Travel: A Day in Strasbourg, France


I’d never really heard much about Strasbourg  before, but it turned out to be one of my favourite cities to visit during my trip to Europe. While it sits really close to the German border, it’s actually located in northeastern France, and is the formal seat of the European Parliament. What I found most fascinating about it has got to be the beautiful blending of German and French influences in its food, architecture, art and history. I loved how it incorporated the best of both cultures, without abandoning the uniqueness of both.


The centrepiece of gothic architecture in Strasbourg is the Cathédrale Notre-Dame. Just look at its intricate, ornate design in a unique pink hue. Just stunning.


But it’s not just what’s outside that’s breathtaking to visitors.


Thr Cathédrale Notre-Dame also features daily shows from its astronomical clock and sweeping views of the Rhine River from partway up its 142m spire.

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Michelin Guide ★: Sushi Kimura



When it comes to excellent sushi and sushi chefs, the devil is in the details. And at Sushi Kimura, you can expect nothing less. From a hinoki counter top made with wood from a 150-year-old tree, sushi rice cooked in Hokkaido spring water, to abalone boiled in sake for 8 hours, Kimura-san clearly believes that good things take time and effort. And it really shows.


So it was Sean’s birthday and he loves sushi. So as a bit of a surprise, I decided to take him to Palais Renaissance to try this place out, since he’d mentioned it before.

We went for the Rikyu Dinner set which came up to about $400/person.

Shall we begin?

First up, an omakase classic — Chilled Beancurd Skin (Yuba) with ikura, bonito jelly and yuzu. Nothing out of the ordinary, but I absolutely love yuba especially after having so much of it in Kyoto a few years ago, so no complaints there.


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Travel: Rio de Janeiro, Brazil


When people think of Rio, a fiesta comes to mind. A riot of colour, upbeat music and a people that truly know how to celebrate life. But there’s also much to be said about the natural beauty of the city along with the truly mouthwatering local fare. Before we whet your appetite, here’s a look at some of the more iconic spots to visit in Brazil’s bustling capital city.

Sugarloaf Mountain


The first time I heard of Sugarloaf Mountain, I thought, “What a pretty name!” And it really got it’s name simply because its shape resembled a traditional loaf sugar. And what a magnificent view from the very top!


Despite being very popular with visitors, it was not crowded at all. We just got our tickets at about USD$40 each and hopped on some very well-maintained cable cars to reach its peak. And along the way, the area was sprinkled with cafes serving up anything from warm churros, to acai bowls and ice-cream for a hot day.


On the way up, we even spotted a helicopter landing pad. There were even helicopter rides for those who wanted a more interactive birds-eye view of the place. These were rather expensive I thought for very short rides so we gave that a miss. But we pretty much spent the whole morning there enjoying the view, tucking into some delicious local treats while people watching.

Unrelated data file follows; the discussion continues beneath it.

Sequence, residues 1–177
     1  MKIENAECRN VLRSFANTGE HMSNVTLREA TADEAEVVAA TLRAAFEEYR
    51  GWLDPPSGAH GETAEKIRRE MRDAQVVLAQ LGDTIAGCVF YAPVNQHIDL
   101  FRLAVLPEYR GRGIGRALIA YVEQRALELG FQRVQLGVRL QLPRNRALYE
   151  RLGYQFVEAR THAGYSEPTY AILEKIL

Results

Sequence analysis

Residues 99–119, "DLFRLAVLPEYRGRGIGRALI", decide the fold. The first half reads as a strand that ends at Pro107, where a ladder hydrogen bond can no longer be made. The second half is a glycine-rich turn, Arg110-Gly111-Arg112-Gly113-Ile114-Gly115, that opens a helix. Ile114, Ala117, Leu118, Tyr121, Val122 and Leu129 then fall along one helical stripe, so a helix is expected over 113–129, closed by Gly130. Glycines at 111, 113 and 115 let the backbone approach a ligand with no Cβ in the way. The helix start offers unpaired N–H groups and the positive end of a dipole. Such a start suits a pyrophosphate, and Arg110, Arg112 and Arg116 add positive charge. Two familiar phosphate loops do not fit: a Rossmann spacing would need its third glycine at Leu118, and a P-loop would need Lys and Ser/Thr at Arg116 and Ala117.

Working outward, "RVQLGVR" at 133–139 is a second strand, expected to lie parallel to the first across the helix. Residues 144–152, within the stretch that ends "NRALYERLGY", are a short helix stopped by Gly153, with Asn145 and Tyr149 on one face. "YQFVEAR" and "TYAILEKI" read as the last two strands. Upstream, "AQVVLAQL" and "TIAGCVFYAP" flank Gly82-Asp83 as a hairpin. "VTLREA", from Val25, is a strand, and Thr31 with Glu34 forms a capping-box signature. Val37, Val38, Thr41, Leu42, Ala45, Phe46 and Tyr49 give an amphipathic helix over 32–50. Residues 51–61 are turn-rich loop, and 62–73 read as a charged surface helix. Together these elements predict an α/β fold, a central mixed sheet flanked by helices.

Cristo Redentor (Christ the Redeemer)


Christ the Redeemer is the indisputable icon of Rio de Janeiro. Designed by a French sculptor and built in the 1920s, the towering statue stands at 30 metres high and has a wingspan of 28 metres.

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Michelin Guide ★★: Ichijunisai Ueno Mino 一汁二菜うえの 箕面店


One of the most memorable meals I’ve ever had has got to be one of Mino’s best kept secrets. Less than an hour by train away from bustling Osaka, Ichijunisai Ueno has two branches. The more acclaimed of which currently holds two Michelin stars and is nestled amid the stunning Mino Park. Just look at the gorgeous fall foliage and those wonderfully-preserved old houses. I fell instantly in love with the place. What a perfect setting for a spectacular meal! Mom said this was the best meal she had ever had in her life and it made me so incredibly happy to hear that.


We were led into our own private dining room for our kaiseki meal where we had the most breathtaking view of the autumn trees outside. Instantly, we were filled with a deep peace, and we were excited to begin our meal. Everything was perfectly-paced and Mom and I had such a great time over the 3.5 hours we were there chatting away and tucking into such delicate, exquisite food. The lovely staff began by serving us a portion of rare green tea in a small cup to whet our appetite.

So, let’s begin! First up, we had this Cod Milt with Mushroom Vinegar Jelly.


I do enjoy milt, although I rarely finish the portion I’m given. But there was something about it being served with a slightly savoury and tangy umami jelly that really cut through the rich creaminess of its texture. Wonderfully refreshing! I cleaned out the entire plate for the first time.

Another appetiser was the Three Kinds of Sashimi, each served with its own accompanying sauce and condiments.


The Tai (sea bream) went with a tangy ponzu sauce, the Hamachi (yellowtail) with soy sauce and the fresh, firm and slightly sweet Ika (cuttlefish) went perfectly with the lime salt.

We had also ordered some delicious Osmanthus Wine to accompany the meal. Mom and I are huge fans of Osmanthus-infused teas, desserts and wines. And this was a real treat!


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